The failure of the Saudi war on Yemen will have grave consequences for Israel as Tel Aviv fears that Washington’s bid to isolate Tehran is unwinding, according to a report published by Israel’s leading daily Haaretz.
“Oil sites in Saudi Arabia and the Emirates have been attacked by drones and Saudi airports have been targeted by Scud missiles… The apparent outcome is that the Emirates has abandoned the war in Yemen, the Saudi effort has failed,” wrote Haaretz on Friday.
“Without military support from the Emirates, it seems that the Saudi ambition to defeat Houthi rebels will fail conclusively,” it said, adding that amid a Washington and Tel Aviv-led bid to isolate Tehran and its allies in the region, “this is not good news”.
Saudi Arabia and a number of its regional allies, namely the United Arab Emirates, launched a devastating war on Yemen in March 2015, with the goal of bringing the government of Saudi-allied former president Abd Rabbuh Mansur Hadi back to power and crushing the popular Houthi Ansarullah movement.
Resistance by Yemen’s armed forces, led by Ansarullah, has, however, pushed the Saudi war to a stalemate, with Yemeni forces deploying increasingly sophisticated retaliatory attacks against the Saudis.
The stepped-up Yemeni retaliatory strikes come as the UAE has announced the gradual withdrawal of its troops from the conflict, largely because Abu Dhabi believes the war appears to have become “unwinnable”, according to US reports.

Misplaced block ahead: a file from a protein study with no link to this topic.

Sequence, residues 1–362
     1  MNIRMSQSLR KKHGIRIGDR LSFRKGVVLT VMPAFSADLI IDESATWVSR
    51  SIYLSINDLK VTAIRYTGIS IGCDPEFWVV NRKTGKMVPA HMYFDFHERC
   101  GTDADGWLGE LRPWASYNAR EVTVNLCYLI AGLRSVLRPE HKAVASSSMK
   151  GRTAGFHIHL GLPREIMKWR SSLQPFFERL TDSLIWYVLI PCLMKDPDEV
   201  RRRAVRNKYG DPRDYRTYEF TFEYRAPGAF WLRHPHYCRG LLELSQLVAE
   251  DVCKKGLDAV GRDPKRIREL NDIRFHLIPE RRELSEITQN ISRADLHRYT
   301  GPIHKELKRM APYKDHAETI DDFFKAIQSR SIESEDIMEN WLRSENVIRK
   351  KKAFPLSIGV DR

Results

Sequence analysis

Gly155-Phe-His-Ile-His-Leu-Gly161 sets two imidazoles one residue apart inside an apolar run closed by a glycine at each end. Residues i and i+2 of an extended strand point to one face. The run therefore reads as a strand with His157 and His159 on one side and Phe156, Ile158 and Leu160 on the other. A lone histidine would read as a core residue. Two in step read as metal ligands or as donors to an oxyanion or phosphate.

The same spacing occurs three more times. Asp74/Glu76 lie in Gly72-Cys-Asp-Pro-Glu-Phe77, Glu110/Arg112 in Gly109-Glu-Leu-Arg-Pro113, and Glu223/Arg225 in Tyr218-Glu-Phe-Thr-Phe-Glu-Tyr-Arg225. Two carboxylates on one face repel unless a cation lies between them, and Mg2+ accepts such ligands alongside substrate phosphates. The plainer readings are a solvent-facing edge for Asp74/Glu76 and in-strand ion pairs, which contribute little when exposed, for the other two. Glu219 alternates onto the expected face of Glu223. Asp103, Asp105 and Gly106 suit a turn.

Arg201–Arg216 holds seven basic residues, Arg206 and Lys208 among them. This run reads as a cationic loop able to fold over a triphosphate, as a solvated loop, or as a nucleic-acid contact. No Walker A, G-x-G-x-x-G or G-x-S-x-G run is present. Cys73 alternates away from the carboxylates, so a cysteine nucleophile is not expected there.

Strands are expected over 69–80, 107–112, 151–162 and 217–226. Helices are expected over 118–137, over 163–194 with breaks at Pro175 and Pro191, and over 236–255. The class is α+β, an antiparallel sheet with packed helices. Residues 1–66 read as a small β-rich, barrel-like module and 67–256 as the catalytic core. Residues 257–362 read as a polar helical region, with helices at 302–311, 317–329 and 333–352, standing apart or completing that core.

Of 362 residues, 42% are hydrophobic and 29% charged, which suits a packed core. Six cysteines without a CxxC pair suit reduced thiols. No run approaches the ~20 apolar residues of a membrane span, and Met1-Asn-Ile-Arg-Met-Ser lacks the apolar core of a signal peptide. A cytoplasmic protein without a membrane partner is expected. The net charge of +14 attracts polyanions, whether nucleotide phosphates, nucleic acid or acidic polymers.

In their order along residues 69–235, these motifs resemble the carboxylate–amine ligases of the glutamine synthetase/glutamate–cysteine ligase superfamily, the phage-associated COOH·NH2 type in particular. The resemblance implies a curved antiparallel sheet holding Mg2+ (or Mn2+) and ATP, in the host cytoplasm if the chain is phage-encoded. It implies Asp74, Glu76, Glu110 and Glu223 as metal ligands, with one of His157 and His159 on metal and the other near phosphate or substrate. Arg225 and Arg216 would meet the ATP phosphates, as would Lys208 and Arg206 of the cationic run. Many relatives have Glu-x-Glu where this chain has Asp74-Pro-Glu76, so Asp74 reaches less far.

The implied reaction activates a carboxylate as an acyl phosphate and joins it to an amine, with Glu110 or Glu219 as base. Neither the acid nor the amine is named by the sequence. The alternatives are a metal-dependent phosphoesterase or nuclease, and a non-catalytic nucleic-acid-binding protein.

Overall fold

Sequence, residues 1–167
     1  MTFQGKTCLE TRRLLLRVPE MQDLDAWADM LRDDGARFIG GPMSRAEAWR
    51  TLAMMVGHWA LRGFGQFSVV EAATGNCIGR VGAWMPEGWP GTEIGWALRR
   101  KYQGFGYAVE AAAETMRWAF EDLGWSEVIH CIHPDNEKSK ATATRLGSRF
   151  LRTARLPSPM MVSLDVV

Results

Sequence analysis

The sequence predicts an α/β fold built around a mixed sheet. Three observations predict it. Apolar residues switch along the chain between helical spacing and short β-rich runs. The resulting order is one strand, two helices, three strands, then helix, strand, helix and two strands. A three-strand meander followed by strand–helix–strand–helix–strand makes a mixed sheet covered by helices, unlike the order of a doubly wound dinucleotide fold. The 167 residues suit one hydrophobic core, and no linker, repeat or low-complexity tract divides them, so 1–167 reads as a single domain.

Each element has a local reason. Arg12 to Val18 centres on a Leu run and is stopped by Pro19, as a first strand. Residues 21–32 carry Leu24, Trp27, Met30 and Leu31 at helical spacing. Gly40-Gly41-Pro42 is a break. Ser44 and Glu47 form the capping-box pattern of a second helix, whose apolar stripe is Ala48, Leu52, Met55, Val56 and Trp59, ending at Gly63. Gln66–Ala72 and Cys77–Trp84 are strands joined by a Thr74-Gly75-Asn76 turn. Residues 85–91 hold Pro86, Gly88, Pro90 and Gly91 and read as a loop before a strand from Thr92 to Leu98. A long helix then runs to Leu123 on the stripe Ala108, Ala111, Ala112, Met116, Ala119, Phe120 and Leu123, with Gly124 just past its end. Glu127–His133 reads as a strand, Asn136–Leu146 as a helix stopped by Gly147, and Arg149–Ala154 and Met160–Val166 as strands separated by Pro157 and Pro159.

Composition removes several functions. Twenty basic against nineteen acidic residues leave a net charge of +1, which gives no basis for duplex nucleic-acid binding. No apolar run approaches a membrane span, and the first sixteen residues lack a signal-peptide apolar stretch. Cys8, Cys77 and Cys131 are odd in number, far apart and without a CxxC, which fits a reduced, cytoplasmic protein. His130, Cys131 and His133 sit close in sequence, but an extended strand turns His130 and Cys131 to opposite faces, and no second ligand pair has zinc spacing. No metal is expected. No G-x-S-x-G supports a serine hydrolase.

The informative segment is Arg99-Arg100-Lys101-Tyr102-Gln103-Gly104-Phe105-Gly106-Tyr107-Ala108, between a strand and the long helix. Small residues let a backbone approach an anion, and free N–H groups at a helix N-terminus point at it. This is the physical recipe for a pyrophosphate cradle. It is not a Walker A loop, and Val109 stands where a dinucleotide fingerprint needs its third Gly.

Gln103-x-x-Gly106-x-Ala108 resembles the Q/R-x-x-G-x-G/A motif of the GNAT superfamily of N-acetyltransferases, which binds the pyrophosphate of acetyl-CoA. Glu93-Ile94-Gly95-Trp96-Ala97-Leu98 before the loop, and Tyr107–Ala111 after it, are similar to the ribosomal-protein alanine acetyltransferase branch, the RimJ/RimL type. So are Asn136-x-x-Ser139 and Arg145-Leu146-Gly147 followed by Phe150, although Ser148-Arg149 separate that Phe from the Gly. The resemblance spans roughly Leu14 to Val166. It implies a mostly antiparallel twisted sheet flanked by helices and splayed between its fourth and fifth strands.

Saudi Arabia relied greatly on the Emirati forces in advancing its war in Yemen, with observers believing that a Saudi-led tribal alliance may eventually disintegrate with factional infighting due to a lack of Emirati oversight.
Clashes between Emirati-backed separatists and Saudi-backed militia were reported earlier this week.
Bad news for Israel’
According to Haaretz’s Friday article, the defeat of the Saudi war effort will enable Houthis, which have adamantly voiced their opposition against the Israeli occupation, to facilitate arms exports to Palestinian resistance groups and restrict Israeli presence in the strategic Bab al Mandeb Strait.
The article, however, pointed that the gravest outcome of a Yemeni victory would be the gradual unraveling of what was meant to be a firm regional anti-Iran alliance.
UAE’s withdrawal from the Saudi war effort and recent negotiations with Iranian officials indicated that Persian Gulf states are open “to reconsider their policy with respect to Iran” as Tehran and its allies stand firm against Washington, it said.
“This is bad news for the anti-Iranian alliance and possibly indicates a trend that should concern the American president and his close friend, Israeli Prime Minister Benjamin Netanyahu,” wrote Haaretz.
The paper added that doubt regarding the success of the US administration’s regional policy was growing, with pessimism “trickling into” Tel Aviv despite nothing being “said of it in public”.
The war on Yemen and an ensuing blockade has taken a heavy toll on the infrastructure on the impoverished Arab country, destroying hospitals, schools, and factories and killing more than an estimated 60,000 Yemenis.
On Friday, thousands of Yemenis converged outside Sana’a International Airport in the capital to protest the US-backed blockade.